- The rate for subsidized Stafford loans was expected to be 3.86% for the 2013-14 academic year, pending legislation working its way toward final congressional approval.
- The government no longer pays interest on direct subsidized loans during the six-month grace period after graduation. Interest on your loan will begin to accrue immediately when you graduate or leave school.
- Graduate and professional students are no longer eligible to receive subsidized loans. However, they still may qualify for up to $20,500 in unsubsidized loans each year.
3. Serve Your Country
Military service can help make your education goals a reality. The Tuition Assistance Program is a powerful incentive for those serving in the military to pursue higher education. Both enlisted members and officers can receive up to $4,500 annually for tuition and fees. Eligibility, service requirements, application processes and restrictions differ among the military branches, National Guard and Reserves.
Another military option is the Post-9/11 GI Bill -- an updated version of the World War II-era legislation that may have helped your grandfather settle back into civilian life. This benefit is offered to members of the military who have served at least 90 days on active duty since Sept. 11, 2001. Depending on length of service, the bill pays 40% to 100% of tuition and fees at an in-state public college or university, or up to $21,970.46 at a private or foreign school.
You can prepare for military service and pay for college at the same time through ROTC programs. Some college students get their entire tuition tab picked up through ROTC and have an opportunity to serve in the military after they graduate.
- With the tuition assistance program, most of your tuition and fees are covered.
- Military on-the-job experience may translate into college credit.
- In certain situations, the Post-9/11 GI Bill allows transfer of benefits to spouses and children.
- You can use the GI Bill for nondegree programs and other professional training, such as truck driving or EMT certification.
- GI Bill benefits are tax-free.
- ROTC programs can result in a full, four-year scholarship.
- Your studies may be interrupted by military relocations or deployments if you pursue your education while serving.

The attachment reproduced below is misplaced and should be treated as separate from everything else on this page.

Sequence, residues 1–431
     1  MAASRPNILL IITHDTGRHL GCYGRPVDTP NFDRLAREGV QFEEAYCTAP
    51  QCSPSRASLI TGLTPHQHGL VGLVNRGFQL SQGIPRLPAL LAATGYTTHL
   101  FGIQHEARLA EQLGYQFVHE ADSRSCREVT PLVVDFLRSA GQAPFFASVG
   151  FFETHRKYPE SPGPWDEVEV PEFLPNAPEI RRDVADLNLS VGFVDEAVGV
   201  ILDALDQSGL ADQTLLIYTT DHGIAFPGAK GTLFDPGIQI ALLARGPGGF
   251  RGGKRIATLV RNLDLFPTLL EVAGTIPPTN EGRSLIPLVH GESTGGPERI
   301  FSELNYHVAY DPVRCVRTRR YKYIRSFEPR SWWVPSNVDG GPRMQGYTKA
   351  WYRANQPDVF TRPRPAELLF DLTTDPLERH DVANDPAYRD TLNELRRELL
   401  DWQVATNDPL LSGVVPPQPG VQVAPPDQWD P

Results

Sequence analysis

- The Post-9/11 GI Bill requires specific lengths of service if you want to transfer your benefits to a spouse or child. And as of Aug. 1, 2013, all servicemembers must commit to an additional four years of service to transfer benefits.
- Tuition benefits can expire, so you need to apply for assistance within the specified time frames.
4. Get Help at Work
If you're employed, look into whether your company offers a tuition-assistance program. Benefits often include payments for undergraduate- or graduate-level tuition, fees, books, supplies and even equipment. Some companies require that your coursework relate to your job.
- You could earn a bachelor's or master's degree paid for, all or in part, by your employer. And the money doesn't have to go toward a full-degree program. Additionally, employer contributions are tax-free up to $5,250 annually, according to the IRS. Some companies may offer more toward your degree, though any amount above $5,250 generally would be considered taxable.
- You can study at your own pace, as many employers don't require full-time enrollment.
- Your new credentials could boost your pay.
- Some companies require you to maintain a minimum grade-point average and won't pay the education costs upfront. If you're laid off, you may end up picking up some of the tab.
- Some employers require you to remain on staff for a certain period of time after you finish your schooling, so make sure you're happy where you're working.
5. Consider Community College
Community college may be an affordable way to train for a vocation or set you on the path to a four-year college. "Community colleges can be a great option for smart students who are late bloomers or for those who aspire to elite colleges but can't bear the financial load," says Proctor.